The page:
Story | Xie Yihui, Staff Editor
On Sept. 10, 2020, the Yale-NUS College student body was informed that the previous StuGov President and Vice Presidents had received a semesterly-stipend through a post on the Yale-NUS College Community Facebook page made by the current StuGov Vice President of Internal Administration (VPIA), Chan Shawn Kit’ 23.
The Dean of Students, Dave Stanfield, commended last year’s Executive Board (hereafter referred to as “ExCo”, which includes the President, Vice Presidents, Speakers of Senate and Secretary) for “[going] above and beyond to support this community through multiple crises, including COVID-19. They worked countless hours and took on many difficult matters in advocating for students”, he said in his email sent to the student body on Sep. 12.
Another rationale he gave is to “cover the opportunity cost of being involved in Student Government and not being able to pursue other work opportunities”.
The event developed further. Nur Hazeem Abdul Nasser ’22, the current StuGov President, apologized under the Facebook post for not disclosing that he received stipends for his previous term as VPIA. Then, the current Speaker of the Senate was notified on Sept. 10 by Mr. Stanfield that the previous Speakers will be paid at the end of the term for the previous academic year.
Mr. Stanfield said he has placed a hold on the payment of stipend to this year’s ExCo in a college-wide email.
In this article, I will explain that while compensation is necessary and a stipend is useful, it should not be given by the administration.
Should Student Government be compensated?
The most crucial rationale for the stipend is that the previous Student Government went extra miles to support the students during the COVID-19 pandemic. Facing this unprecedented situation, they stepped up with initiatives such as the summer storage program and the COVID-19 Alumni Urgent Cash Fund where they facilitated financial support from alumni to students facing difficulties.
The problem lies in whether the differences in the nature and scope of the positions within Student Government warrant different merits.
Bernard Boey ’22, the current StuGov Secretary, said that the ExCo’s workload is heavy as they have regular meetings with staff, oversee event planning and advocacy works done by the directors, and do works not covered by the existing directors.
However, he said, “A large part of the work is ad-hoc, and it depends on how much effort you decide to put in.”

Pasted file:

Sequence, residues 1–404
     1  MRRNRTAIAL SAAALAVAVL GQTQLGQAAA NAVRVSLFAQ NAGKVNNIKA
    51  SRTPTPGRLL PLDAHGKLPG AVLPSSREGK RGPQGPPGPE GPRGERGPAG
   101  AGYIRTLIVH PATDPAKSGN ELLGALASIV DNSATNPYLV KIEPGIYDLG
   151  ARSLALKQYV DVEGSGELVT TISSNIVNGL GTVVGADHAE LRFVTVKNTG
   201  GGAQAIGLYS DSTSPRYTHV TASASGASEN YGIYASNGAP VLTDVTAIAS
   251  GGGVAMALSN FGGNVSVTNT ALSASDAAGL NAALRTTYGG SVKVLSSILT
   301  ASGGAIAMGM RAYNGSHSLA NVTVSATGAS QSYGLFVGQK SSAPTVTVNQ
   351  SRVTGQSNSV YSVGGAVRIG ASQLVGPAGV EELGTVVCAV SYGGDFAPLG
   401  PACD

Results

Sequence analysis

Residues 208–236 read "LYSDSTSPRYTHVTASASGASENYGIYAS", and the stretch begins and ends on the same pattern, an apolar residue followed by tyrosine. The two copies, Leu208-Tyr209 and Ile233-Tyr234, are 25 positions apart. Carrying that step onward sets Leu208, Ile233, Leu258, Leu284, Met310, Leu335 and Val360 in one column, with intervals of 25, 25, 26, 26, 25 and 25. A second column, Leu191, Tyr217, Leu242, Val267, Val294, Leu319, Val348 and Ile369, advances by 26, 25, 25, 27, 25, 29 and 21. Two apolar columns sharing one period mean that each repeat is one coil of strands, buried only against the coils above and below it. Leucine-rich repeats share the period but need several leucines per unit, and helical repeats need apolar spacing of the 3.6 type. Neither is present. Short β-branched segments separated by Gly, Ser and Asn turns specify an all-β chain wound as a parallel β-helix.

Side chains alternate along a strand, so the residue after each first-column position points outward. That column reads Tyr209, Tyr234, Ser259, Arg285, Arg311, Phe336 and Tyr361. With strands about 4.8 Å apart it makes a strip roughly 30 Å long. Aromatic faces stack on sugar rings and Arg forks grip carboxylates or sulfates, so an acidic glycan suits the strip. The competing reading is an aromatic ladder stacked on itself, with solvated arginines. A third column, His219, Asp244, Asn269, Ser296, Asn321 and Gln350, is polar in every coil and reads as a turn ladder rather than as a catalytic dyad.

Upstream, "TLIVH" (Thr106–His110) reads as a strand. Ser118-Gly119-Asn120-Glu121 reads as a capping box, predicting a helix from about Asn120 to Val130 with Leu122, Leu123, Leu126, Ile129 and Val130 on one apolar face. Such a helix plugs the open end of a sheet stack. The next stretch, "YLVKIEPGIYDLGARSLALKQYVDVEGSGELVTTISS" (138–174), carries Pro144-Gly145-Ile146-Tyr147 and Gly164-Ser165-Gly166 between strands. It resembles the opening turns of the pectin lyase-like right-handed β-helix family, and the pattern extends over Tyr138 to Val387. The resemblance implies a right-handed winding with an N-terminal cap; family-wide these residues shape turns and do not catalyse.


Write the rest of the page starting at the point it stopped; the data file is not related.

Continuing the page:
Chan, the current VPIA, speaking from experience as the Director of Student Organizations in the previous Student Government, agreed that their work is usually ad-hoc. “I would say that it’s extremely difficult to quantify the workload that the different members of the executive board does,” he added.
However, it seems unfair for other members of the previous Student Government, who also devoted countless hours of work, to not receive any stipend at all. It is almost a message from the administration that they value the work of the high-ranking members of the executive branch more than others. Within a student government as small as ours—consisting only of 26 members for this term—elevating the prestige of the ExCo over the rest of the members only serves to introduce unnecessary hierarchy.
As Boey said, “All StuGov members are pivotal and have important responsibilities and the stipend should reflect that.”
We then have another question at hand: should all upcoming StuGov members be compensated?
A compensation creates incentives that lead to genuine commitment and passion in representing students’ collective interest. Some might argue that the outcomes of genuine commitment is in itself the best compensation: students benefiting from a competent, efficient, and dedicated Student Government with their rights advocated, grievances communicated with the administration.
However, we do not expect them to perform their obligation round the clock, compromising their other priorities. Because we are in an educational institution, our main duty to each other is not to serve each other’s interest, but to contribute to a conducive learning environment.
Given that students voluntarily take up positions in Student Government to serve the community, it is virtuous to compensate their initiative and dedication; it is also useful because compensations can act as rewards that may drive more students to take up Student Government leadership, thus engendering a shared responsibility and ownership of the community that we call home.
Thus, we should give them some kind of compensation based on virtues and utility. These are not rationales given by the Dean of Student. Instead, their bases of compensation are: first, to compensate for Student Government working beyond one’s call of duties; second, to compensate for loss of opportunity cost.
Here is why neither basis justify compensating the existing and upcoming Student Government.
Compensation for working beyond expectation
As I mentioned before, the previous batch was paid because its members went “above and beyond”, meaning they had done more work than they anticipated and were expected to, and had done it well.
The issue of expectation is crucial here because the amount of work borne by Student Government fluctuates from year to year, only when the workload clearly goes beyond the norm (which is to be determined) should we consider extra compensation. Most of us can safely say that the COVID-19 situation posed extraordinary logistical and governing challenges, so much so that the previous members did not expect to carry this much of a workload when they ran for their positions and were elected by the students.